Halleck, Henry Wager

Halleck, Henry Wager,

1815–72, Union general in the American Civil War, b. Oneida co., N.Y., grad. West Point, 1839. He entered the Corps of Engineers and became an expert on fortifications; his Elements of Military Art and Science (1846) was influential in the Civil War. In the Mexican War he served in California, holding various positions in the military government there. Halleck resigned from the army in 1853 and entered the leading law firm of the state. In the Civil War he was made a major general in the regular army (Aug., 1861) and was sent to succeed John C. Frémont in command of the Dept. of the Missouri. In Mar., 1862, the departments of the Ohio and Kansas were added to his jurisdiction. Although he was an able organizer, the prestige that he gained was due to the successes of Ulysses S. GrantGrant, Ulysses Simpson,
1822–85, commander in chief of the Union army in the Civil War and 18th President (1869–77) of the United States, b. Point Pleasant, Ohio. He was originally named Hiram Ulysses Grant.
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, Don Carlos BuellBuell, Don Carlos,
1818–98, Union general in the Civil War, b. near Marietta, Ohio, grad. West Point, 1841. Buell was appointed brigadier general of volunteers in the Civil War (May, 1861), helped organize the Army of the Potomac, and took command of the Dept. of Ohio (Nov.
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, Samuel R. CurtisCurtis, Samuel Ryan,
1805–66, Union general in the Civil War, b. Clinton co., N.Y., grad. West Point, 1831. Curtis won a decisive victory at Pea Ridge (1862) and was therefore promoted to major general. He commanded the Dept. of Missouri (1862–63), the Dept.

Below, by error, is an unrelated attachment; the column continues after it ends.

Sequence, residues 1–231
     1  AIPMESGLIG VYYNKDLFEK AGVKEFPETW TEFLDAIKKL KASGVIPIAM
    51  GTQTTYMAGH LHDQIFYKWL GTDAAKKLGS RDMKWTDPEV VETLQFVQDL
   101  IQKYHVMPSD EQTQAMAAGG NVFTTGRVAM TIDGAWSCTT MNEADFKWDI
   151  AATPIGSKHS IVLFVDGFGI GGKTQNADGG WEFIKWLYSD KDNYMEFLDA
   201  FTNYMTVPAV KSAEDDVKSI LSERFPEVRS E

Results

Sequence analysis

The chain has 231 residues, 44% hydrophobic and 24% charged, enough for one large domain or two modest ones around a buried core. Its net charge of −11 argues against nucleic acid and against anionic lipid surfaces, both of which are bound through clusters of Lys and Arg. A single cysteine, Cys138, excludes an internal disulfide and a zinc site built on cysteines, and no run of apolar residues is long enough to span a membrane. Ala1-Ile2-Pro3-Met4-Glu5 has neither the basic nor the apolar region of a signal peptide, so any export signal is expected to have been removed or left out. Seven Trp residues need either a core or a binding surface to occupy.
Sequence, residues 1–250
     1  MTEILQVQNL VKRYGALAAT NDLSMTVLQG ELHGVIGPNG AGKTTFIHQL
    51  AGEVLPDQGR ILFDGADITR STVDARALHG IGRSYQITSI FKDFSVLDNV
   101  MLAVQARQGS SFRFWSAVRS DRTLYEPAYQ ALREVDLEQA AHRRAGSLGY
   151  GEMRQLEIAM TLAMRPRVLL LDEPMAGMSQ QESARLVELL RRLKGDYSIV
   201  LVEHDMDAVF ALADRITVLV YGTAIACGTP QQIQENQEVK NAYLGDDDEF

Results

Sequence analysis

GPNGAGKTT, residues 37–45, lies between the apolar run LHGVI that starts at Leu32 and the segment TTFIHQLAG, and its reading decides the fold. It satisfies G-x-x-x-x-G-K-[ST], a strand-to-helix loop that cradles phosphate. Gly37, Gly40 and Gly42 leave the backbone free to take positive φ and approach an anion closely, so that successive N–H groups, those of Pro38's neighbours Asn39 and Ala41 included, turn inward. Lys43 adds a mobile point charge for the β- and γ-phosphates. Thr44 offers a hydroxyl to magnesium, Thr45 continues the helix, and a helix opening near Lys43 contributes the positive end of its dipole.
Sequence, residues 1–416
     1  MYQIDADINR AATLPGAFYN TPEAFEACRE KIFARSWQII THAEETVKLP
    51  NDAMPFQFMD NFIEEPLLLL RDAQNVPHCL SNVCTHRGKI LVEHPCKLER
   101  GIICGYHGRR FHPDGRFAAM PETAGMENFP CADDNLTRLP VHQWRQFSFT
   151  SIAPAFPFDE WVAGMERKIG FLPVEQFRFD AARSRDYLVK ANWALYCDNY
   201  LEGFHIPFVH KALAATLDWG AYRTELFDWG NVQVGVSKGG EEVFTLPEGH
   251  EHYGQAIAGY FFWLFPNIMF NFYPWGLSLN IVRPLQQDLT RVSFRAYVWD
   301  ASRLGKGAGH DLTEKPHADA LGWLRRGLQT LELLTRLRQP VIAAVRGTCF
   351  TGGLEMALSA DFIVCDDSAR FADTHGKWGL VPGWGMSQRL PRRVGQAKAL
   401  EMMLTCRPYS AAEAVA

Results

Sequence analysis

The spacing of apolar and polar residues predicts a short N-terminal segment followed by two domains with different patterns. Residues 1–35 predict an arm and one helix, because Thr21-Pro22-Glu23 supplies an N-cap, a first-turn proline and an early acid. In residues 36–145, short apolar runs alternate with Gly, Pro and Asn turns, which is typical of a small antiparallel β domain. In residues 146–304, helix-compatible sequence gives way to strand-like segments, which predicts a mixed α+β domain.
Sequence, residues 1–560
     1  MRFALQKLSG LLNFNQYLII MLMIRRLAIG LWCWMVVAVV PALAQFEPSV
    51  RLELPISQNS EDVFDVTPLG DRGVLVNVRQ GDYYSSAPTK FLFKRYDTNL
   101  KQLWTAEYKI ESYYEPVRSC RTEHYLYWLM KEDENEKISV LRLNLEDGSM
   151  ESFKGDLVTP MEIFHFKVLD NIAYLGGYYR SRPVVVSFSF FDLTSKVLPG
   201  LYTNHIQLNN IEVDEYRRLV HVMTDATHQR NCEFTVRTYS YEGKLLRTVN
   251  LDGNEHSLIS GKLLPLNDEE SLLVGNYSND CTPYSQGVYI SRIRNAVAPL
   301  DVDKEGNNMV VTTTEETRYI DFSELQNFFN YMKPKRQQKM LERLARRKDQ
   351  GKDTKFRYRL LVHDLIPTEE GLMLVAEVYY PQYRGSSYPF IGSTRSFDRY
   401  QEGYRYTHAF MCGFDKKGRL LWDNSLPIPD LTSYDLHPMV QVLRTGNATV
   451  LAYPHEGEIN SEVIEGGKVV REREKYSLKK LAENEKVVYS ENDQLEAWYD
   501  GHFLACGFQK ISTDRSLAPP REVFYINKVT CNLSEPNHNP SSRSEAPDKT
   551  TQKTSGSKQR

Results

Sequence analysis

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, and John PopePope, John,
1822–92, Union general in the American Civil War, b. Louisville, Ky. He fought with distinction at Monterrey and Buena Vista in the Mexican War and later served with the topographical engineers in the West.
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—all under his command. After Shiloh (Apr., 1862) Halleck took the field himself and advanced on Corinth, which General Beauregard abandoned to him in May. In July, 1862, he was appointed general in chief with the understanding that he was to remain in Washington as military adviser to the President and the Secretary of War. His failure to act decisively made him ineffective as general in chief, however, and he was grateful when, upon Grant's being given supreme command in Mar., 1864, he was demoted to chief of staff. He remained in the army after the war and held command of the Division of the South at the time of his death.


See study by S. E. Ambrose (1962).

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